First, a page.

Changing corporate strategy is more difficult for utilities than for companies in many industries. Success calls for leadership on seven fronts.
Wireless systems are improving front-line processes.
have no other job,” Hurley says. “Each essentially owns a circuit and is responsible for monitoring all the assets that are part of it.”
Replacing hard-copy maps and inspection forms significantly has reduced the time needed to conduct an assessment and input the results. Since a circuit can be comprised of as many as 1,000 poles, filling out a hard copy form for each one and then returning to the office to input the information is too time-consuming.
“This improves productivity and also impacts us from a regulatory standpoint. The new system puts an automatic time-stamp on the form, so we can more accurately report when the asset was last inspected and what we found,” he says.
Coordinators also photograph each asset—from the actual pole to all the components attached to it. If an asset requires maintenance or replacement, the utility can pull the photo from the database first to examine its condition and location.
“If the pole is located in the middle of a field that’s covered with a foot of snow, we know enough to send a climbing crew, rather than bucket truck. That saves time and maximizes our field services effort,” he says.
The system, he adds, may soon be expanded to support monthly substation patrols, collect storm damage information to determine the root cause of equipment failures and deliver equipment alerts from the corporate design standards group to CRCs, on-line.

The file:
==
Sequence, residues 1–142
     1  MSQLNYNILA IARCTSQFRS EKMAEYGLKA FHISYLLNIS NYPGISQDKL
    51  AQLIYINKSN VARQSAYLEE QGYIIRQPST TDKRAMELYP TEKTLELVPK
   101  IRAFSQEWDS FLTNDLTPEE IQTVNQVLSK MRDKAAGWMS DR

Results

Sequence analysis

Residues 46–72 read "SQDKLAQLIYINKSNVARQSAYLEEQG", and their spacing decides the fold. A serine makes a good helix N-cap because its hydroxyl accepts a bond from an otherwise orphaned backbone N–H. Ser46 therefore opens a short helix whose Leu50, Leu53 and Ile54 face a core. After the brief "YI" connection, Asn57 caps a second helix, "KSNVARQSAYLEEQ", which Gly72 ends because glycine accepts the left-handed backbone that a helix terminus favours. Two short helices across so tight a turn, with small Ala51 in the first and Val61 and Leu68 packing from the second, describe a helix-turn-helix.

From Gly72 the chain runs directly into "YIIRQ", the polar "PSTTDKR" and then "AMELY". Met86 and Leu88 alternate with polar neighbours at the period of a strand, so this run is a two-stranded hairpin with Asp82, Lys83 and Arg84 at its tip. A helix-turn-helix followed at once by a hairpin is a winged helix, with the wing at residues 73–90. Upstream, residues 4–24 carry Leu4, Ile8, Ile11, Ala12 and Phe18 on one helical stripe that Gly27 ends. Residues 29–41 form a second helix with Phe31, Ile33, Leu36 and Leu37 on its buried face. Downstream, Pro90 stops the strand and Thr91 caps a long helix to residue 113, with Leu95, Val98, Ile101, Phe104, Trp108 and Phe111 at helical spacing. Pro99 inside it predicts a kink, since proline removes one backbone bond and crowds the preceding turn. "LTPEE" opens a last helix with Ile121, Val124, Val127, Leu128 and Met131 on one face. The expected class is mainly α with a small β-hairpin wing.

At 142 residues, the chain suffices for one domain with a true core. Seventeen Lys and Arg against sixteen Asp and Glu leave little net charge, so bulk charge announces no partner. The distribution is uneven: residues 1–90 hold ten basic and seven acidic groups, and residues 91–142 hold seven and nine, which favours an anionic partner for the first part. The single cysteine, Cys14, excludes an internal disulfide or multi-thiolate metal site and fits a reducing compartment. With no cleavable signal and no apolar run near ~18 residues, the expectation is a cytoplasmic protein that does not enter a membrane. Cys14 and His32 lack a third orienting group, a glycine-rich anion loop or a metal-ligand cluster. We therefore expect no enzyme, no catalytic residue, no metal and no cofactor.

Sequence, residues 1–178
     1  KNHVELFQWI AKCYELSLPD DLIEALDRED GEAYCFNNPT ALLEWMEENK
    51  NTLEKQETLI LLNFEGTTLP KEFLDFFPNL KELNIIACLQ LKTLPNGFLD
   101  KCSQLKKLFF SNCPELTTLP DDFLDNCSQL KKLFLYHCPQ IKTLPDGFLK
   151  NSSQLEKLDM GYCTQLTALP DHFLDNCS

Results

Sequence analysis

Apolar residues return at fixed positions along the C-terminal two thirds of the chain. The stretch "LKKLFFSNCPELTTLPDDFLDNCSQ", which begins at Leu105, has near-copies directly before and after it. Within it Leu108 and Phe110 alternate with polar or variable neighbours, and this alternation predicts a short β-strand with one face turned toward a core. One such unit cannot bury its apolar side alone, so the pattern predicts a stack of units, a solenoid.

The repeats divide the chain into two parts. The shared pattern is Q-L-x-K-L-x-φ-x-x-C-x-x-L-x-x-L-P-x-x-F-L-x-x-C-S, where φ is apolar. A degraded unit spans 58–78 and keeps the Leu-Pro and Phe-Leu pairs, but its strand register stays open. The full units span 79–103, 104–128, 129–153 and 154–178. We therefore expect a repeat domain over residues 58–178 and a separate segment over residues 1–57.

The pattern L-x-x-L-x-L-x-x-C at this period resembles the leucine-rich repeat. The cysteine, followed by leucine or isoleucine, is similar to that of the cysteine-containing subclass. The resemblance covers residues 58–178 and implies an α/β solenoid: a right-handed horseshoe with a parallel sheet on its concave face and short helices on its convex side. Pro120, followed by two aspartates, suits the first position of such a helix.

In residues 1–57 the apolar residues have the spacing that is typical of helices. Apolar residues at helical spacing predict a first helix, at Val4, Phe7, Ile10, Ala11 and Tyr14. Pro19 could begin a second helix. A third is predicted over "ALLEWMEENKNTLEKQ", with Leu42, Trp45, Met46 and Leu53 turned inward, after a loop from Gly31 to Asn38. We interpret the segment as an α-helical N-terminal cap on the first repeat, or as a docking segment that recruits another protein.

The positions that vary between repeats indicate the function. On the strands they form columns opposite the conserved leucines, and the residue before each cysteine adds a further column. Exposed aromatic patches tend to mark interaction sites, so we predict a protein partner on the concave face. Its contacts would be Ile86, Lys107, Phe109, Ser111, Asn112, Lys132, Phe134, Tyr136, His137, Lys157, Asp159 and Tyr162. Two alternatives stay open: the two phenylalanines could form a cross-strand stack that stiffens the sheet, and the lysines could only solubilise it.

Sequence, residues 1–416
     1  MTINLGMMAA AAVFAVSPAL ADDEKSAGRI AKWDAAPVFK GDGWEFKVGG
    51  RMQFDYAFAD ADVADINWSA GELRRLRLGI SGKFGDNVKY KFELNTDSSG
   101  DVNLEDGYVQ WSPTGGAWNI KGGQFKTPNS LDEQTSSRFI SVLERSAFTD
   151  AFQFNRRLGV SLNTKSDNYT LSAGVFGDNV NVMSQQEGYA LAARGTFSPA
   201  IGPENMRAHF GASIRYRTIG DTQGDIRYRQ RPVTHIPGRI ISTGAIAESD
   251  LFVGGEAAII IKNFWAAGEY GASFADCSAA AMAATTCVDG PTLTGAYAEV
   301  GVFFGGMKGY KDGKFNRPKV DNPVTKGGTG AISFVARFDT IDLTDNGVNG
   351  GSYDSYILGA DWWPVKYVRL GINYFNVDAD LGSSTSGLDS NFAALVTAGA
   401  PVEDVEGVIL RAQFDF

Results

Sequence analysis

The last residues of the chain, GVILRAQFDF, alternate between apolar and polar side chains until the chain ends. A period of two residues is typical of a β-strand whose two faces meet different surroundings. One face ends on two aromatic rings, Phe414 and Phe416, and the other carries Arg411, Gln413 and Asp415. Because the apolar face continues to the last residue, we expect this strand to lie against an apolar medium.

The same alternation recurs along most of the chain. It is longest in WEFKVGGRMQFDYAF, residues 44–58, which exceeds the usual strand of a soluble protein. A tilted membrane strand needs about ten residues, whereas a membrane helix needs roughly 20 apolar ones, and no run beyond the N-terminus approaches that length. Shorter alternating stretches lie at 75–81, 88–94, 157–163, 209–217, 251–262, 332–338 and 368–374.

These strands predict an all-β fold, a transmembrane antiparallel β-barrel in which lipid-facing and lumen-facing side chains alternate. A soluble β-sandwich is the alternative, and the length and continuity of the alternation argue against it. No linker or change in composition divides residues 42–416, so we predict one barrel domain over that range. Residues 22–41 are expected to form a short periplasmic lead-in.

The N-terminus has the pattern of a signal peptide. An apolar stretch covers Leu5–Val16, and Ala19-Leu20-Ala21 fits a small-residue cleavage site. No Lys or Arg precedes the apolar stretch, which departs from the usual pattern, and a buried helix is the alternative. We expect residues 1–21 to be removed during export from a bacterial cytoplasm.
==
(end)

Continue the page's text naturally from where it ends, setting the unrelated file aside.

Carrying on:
“It’s pretty simple,” Hurley concludes. “Outages can be avoided if damaged equipment is identified and corrected before a fault occurs. That results in better reliability metrics and greater customer satisfaction.”
In August, Idaho Power will kick-off a new wireless, mobile-workforce management program that uses CGI Group Inc. software to automate its field representative scheduling, assigning, dispatching, and monitoring. The system will interoperate with Idaho Power’s Oracle-supplied customer information system (CIS) and outage management system (OMS), and MapFrame’s electronic mapping software.
The program, says project manager John Goicoechea, will streamline and improve customer service operations, from the initial call-center response, to scheduling field representative visits and filing field reports at the conclusion of each job.
When a customer contacts the call center, the operator will be able to check the availability of field services in that area and schedule the day for the visit. Once the order is entered into the CIS system, the CGI software examines the type of work to be done, the skills needed to do it, and the customer’s location and then matches the best qualified technician to the job.
Further, it assembles each technician’s service calls in the most cost-efficient order. Technicians simply will log in each morning and the day’s schedule already will be in place. If necessary, the technician can click on the MapFrame software to examine the day’s route in advance.
“The system will take travel time into consideration when it puts the route together. It can determine how many miles the representative must travel to each job, how much time it will take to get there, the wrench time on the site, and then the travel time to